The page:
[A]ny act a man performs, even the simplest and best, may set up reverberations of evil whose consequences it is beyond our power to trace; that my action might cause great suffering. But one man must always be willing to take upon himself the onus of evil that other men may be spared greater evil. For the sake of his children and my own, that all children might be spared the evil of Communism, I was going to testify.

He almost gave up; he almost committed suicide. Had he done so, who knows what greater evils would have rippled out. Because Whittaker Chambers gave his great witness before a committee, and his greater witness as a soul turning away from the world to seek God, innumerable souls have been given grace to live their own witness.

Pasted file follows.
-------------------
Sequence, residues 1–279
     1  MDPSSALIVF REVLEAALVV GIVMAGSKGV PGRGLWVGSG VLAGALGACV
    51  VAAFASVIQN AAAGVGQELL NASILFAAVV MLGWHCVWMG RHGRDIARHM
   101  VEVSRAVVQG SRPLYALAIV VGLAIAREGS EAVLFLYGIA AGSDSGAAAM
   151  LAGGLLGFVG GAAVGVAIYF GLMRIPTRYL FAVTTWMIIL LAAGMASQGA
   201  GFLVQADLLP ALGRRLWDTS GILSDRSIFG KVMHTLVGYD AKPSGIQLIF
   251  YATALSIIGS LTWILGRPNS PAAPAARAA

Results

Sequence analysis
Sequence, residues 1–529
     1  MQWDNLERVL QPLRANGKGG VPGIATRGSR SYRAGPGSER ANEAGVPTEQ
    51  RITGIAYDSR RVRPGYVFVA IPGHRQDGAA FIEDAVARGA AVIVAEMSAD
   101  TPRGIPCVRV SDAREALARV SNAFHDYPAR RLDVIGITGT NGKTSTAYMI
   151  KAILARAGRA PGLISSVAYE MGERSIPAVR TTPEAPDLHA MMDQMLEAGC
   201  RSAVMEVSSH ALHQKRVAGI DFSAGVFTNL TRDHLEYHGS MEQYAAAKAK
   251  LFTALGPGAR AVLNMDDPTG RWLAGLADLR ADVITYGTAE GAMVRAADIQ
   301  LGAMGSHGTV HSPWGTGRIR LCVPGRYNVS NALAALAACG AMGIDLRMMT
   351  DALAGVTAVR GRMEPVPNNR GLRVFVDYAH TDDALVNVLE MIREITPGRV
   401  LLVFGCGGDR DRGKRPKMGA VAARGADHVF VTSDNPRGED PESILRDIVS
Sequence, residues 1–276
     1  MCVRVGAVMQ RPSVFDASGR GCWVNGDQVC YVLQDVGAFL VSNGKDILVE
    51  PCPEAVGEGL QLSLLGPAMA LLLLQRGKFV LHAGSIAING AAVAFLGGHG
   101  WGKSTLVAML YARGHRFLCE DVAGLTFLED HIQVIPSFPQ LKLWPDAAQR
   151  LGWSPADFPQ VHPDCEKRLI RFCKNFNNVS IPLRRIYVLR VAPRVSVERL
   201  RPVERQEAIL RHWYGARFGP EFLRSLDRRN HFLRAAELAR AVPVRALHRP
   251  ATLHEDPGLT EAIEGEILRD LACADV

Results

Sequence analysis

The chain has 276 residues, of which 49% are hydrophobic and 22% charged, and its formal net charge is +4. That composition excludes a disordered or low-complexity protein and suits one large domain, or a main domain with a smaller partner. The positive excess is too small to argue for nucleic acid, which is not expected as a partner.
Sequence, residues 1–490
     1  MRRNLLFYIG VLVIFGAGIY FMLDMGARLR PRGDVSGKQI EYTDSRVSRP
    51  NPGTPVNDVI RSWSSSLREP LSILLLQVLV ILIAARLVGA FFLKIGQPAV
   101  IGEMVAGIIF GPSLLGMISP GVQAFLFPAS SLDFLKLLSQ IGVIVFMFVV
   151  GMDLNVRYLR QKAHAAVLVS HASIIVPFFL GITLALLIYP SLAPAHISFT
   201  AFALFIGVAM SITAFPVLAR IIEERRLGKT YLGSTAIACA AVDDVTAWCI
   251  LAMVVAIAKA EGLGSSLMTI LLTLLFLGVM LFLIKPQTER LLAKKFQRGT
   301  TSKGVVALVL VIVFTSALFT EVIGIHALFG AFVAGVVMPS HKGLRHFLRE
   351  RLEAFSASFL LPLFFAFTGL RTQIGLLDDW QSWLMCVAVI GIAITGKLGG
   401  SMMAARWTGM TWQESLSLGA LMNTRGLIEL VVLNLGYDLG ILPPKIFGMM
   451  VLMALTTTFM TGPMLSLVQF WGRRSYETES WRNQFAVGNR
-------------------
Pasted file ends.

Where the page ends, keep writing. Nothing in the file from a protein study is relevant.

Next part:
One soul in particular who was deeply affected by Whitaker Chamber’s actions was Dr. Warren Carroll. Upon reading Witness, Carroll became totally anti-Communist and very active in the conservative politics of his day. According to Carroll’s biographer, Laura S. Gossin,

Reading Chambers’s book at Columbia in the summer of 1955, Warren flatly states that it “changed my life… I consider Whittaker Chambers’s Witness to be the greatest book written in the twentieth century,” adding that it “has particular significance for me because it made me a firm anti-communist for life.” It also had an influence on Warren’s later conversion to Christianity, especially as it described Chambers’s own conversion experience which enabled him to break with communism.

Eventually, following his employment with fellow Catholic conservatives at Triumph Magazine, Carroll, with the support of other friends of the magazine, founded Christendom College.